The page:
Laymen interested in reform formed penitential brotherhoods that concentrated on poverty, penance, and preaching. In their zeal some of them fell into error, making the extreme claim that apostolic poverty is an indispensable condition for preaching and the valid administration of the sacraments. From the lay brotherhoods emerged a widespread, loose organization known as the Order of Penance, a forerunner of the later Third Order of the friars. In its earliest beginnings, the Franciscan Order shared the characteristics of these penitential brotherhoods.

The century in which Dominic was born witnessed other signs of new vigor and life besides the religious developments just described. Western Christendom enjoyed a new papal leadership, saw an expanding trade and commerce, the foundation of cities, developing vernacular languages, growing motional states, and an intellectual revival. None of these movements came to maturity then, but the seeds had been planted and bore fruit during the thirteenth century, especially in Scholasticism and the infant University of Paris.

The Canons Regular filled a need in the twelfth century when they took care of the pastoral needs of the villages and rural areas where they settled. They were not equal to the task of coping with the new cities and towns of the thirteenth century. The Dominicans and Franciscans, unhampered by an existing apostolate, enjoying great flexibility, and possessing a sound theological training, settled in the cities and towns to take care of the spiritual needs of their inhabitants. In some of the thriving centers of southern France and Tuscany heresy was common. In other wealthy cities, many townsmen and the higher clergy in their love of ease and comfort posed a threat to Christian living. This love for things of the world alerted St. Dominic to the value of apostolic poverty and one of the heresies introduced him to the need Christianity faced.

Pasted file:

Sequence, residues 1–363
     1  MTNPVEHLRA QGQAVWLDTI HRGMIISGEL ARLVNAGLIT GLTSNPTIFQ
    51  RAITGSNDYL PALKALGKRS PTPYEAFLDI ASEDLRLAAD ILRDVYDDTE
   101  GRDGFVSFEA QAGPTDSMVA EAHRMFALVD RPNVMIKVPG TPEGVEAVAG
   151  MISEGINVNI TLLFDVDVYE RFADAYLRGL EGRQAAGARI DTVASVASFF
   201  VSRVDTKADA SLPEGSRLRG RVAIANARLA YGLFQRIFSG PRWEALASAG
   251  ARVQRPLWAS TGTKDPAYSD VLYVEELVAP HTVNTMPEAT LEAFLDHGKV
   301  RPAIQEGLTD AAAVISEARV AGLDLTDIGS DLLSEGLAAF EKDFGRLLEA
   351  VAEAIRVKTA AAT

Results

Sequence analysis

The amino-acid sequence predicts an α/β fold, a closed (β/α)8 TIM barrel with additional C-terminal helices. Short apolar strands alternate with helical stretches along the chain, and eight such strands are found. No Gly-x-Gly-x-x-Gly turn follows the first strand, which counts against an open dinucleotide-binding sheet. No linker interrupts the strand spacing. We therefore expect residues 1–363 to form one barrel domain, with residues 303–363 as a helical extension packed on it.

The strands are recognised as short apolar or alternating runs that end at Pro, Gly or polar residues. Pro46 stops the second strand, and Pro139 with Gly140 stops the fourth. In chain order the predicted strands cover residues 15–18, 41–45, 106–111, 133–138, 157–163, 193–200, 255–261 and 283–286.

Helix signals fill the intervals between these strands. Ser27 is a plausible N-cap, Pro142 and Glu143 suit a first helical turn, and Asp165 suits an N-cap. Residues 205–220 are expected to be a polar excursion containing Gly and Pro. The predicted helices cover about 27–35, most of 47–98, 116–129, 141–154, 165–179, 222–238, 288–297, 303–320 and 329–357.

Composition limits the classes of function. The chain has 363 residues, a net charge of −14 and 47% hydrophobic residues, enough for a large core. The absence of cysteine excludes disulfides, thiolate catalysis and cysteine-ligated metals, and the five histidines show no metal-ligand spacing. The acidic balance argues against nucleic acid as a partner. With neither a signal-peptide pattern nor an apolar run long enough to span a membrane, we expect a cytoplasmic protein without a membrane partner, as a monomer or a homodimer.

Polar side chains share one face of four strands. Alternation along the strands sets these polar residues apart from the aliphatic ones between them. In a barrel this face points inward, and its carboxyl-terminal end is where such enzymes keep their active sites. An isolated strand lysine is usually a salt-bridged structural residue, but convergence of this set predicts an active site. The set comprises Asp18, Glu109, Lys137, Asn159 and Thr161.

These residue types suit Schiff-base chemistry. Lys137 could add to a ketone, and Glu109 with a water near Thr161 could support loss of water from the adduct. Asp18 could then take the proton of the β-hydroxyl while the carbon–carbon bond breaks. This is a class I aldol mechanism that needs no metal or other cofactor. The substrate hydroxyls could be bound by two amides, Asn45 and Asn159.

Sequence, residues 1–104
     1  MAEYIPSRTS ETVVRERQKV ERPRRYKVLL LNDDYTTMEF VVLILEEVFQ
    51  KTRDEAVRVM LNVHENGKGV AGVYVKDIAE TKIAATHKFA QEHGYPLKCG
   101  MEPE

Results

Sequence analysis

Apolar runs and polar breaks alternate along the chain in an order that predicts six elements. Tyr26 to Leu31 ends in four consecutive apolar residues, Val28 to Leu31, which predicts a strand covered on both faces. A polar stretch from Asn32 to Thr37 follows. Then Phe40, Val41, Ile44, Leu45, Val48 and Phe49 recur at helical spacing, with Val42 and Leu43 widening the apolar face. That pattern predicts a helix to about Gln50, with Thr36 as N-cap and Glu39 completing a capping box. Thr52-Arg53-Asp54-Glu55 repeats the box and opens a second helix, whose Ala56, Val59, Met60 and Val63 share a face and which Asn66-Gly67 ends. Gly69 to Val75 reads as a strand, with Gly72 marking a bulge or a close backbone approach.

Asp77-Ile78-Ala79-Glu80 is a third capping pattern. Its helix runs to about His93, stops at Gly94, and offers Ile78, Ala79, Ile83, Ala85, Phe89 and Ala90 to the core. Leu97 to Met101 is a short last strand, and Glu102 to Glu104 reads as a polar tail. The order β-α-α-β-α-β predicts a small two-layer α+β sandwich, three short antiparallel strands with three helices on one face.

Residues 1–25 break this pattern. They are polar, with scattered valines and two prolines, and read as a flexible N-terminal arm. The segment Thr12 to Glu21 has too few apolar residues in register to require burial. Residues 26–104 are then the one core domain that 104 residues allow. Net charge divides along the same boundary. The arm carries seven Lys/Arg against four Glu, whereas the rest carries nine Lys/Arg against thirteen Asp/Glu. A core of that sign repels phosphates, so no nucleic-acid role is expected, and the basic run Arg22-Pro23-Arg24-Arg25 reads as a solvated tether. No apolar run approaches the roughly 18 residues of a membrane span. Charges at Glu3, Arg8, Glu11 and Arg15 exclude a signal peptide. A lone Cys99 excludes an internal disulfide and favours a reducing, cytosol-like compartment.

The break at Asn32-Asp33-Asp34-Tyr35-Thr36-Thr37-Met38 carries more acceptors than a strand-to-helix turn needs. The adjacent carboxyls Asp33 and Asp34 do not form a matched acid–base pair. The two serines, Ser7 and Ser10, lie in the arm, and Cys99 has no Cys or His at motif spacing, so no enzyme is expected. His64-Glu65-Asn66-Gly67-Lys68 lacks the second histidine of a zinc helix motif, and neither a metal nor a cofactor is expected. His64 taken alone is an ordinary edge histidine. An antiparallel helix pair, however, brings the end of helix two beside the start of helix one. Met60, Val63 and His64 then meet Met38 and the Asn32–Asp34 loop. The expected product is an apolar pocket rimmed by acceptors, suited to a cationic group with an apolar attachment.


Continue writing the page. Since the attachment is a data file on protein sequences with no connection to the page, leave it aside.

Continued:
Dominic was born about 1170 in the town of Caleruega in north-central Spain of Don Felix Guzman and Joan of Aza, both members of the lower nobility. From his earliest youth Dominic was trained to become a priest. Such a decision had to be made early since the choice of vocation determined the kind of training a child was given, either for knighthood or priesthood. After he had learned the rudiments, Dominic was initiated into clerical studies by his mother's brother, a priest. When he was about fourteen, he went to the cathedral school of Palencia to study philosophy and theology. He studied theology for four years, an unusually thorough formation for the average priest in those days. While in Palencia Dominic manifested his great generosity during a famine, using his slender resources to help the poor and gaining additional funds by selling his books. Completing his studies when he was about twenty-four, he joined the chapter of Canons Regular of the cathedral of Osma, and soon afterwards was ordained a priest. Later he became subprior of the chapter.